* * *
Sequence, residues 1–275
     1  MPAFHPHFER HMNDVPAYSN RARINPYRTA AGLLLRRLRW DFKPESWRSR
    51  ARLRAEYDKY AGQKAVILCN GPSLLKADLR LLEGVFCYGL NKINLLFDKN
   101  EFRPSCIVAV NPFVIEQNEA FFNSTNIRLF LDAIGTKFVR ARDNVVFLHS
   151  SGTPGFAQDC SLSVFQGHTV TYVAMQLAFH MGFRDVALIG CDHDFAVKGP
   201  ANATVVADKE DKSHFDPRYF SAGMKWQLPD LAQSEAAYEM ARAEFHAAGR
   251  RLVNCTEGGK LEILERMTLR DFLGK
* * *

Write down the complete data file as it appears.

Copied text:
Sequence, residues 1–275
     1  MPAFHPHFER HMNDVPAYSN RARINPYRTA AGLLLRRLRW DFKPESWRSR
    51  ARLRAEYDKY AGQKAVILCN GPSLLKADLR LLEGVFCYGL NKINLLFDKN
   101  EFRPSCIVAV NPFVIEQNEA FFNSTNIRLF LDAIGTKFVR ARDNVVFLHS
   151  SGTPGFAQDC SLSVFQGHTV TYVAMQLAFH MGFRDVALIG CDHDFAVKGP
   201  ANATVVADKE DKSHFDPRYF SAGMKWQLPD LAQSEAAYEM ARAEFHAAGR
   251  RLVNCTEGGK LEILERMTLR DFLGK